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Dubai has fallen from the ranks of the world’s most expensive places to live in a development that could harm the city’s economic recovery, a survey has revealed.

Dubai has been steadily falling in the ranks of the most expensive cities in the world but this year it dropped off the scale of the top 20, the report said.

It came in at 31st, compared with its position of 12th last year.

“Price decreases have been … spectacular in Dubai,” the report by the consultancy EuroCost International said.

Billy Rautenbach, the managing director of The Property Store, said renting a home could take up as much as 70 per cent of a resident’s salary in 2008, while it cost only 20 per cent now.

“Maybe your salary has been cut or your turnover has declined, but the cost of living in Dubai has gone down considerably more,” Ms Rautenbach said.

Rental and sales prices have dropped between 15 and 70 per cent since their peaks. Abu Dhabi moved down one slot to 12th, from its position of 11th most expensive city last year.

The capital has seen its rental rates decline across the board but they are still at a significant premium to Dubai’s vast residential supply.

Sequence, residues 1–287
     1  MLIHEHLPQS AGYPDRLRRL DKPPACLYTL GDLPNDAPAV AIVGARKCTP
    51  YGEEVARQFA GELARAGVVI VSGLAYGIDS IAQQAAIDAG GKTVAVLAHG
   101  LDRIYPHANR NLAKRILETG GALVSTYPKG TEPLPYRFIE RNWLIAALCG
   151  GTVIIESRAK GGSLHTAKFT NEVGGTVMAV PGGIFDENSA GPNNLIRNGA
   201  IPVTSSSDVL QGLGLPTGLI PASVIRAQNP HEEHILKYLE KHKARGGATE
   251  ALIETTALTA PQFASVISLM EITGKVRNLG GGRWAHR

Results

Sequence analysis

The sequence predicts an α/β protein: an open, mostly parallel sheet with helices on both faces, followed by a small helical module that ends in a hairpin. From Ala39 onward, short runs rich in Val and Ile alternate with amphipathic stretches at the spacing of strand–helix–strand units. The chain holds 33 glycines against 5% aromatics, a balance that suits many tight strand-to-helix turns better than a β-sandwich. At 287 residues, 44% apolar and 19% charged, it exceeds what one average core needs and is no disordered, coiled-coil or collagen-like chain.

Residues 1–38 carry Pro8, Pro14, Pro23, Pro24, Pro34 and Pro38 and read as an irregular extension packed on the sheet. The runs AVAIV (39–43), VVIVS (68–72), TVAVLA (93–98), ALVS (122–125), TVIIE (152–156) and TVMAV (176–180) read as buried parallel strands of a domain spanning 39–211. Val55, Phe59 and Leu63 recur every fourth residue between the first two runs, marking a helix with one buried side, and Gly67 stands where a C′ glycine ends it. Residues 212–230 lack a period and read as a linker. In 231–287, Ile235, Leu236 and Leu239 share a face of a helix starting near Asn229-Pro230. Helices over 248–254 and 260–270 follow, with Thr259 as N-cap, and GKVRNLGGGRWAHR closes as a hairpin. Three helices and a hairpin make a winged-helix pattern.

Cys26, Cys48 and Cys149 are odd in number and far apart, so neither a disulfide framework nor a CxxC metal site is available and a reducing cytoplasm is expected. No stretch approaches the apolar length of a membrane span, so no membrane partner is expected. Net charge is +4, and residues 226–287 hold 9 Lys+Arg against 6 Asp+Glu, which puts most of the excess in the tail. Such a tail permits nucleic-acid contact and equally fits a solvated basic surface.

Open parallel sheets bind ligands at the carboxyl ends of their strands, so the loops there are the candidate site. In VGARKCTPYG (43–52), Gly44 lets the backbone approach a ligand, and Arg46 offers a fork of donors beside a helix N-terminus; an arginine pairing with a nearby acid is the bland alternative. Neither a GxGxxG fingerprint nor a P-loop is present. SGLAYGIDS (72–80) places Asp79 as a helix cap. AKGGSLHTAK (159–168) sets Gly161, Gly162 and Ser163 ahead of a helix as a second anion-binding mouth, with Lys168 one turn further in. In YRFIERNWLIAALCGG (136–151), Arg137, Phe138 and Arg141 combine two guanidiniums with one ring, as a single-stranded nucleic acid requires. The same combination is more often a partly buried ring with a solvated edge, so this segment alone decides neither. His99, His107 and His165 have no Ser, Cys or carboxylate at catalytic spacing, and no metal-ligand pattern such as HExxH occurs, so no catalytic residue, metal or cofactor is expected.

Shanghai and Beijing also dropped off the top 20 rankings, due to the global housing recession and exchange rate fluctuations.

tourists sunbathe as others swim at the St. George Yacht club in Beirut, Lebanon. Lebanon expects nearly 2.2 million tourists in 2010
Tokyo, London, and Hong Kong were the three most expensive cities for rents, according to the survey. Meanwhile, Beirut surged to the 10th most expensive city from a previous ranking of 28. “Beirut is now the most expensive city in the Middle East, just before Abu Dhabi,” the report said.

Ms Rautenbach said Beirut was seeing rents increase because of a sharp undersupply of homes.

EuroCost said four new cities had joined the ranking as their commercial importance increased.

Sydney became the 14th most expensive place to rent, up from its rank of 41st last year, as the Australian dollar appreciated against the euro.

Kinshasa in the Democratic Republic of Congo is now the second most expensive city in Africa at 18th, behind Luanda, Angola, which is ranked fifth.

Rio de Janeiro made the biggest jump, to 19th from 71st last year.

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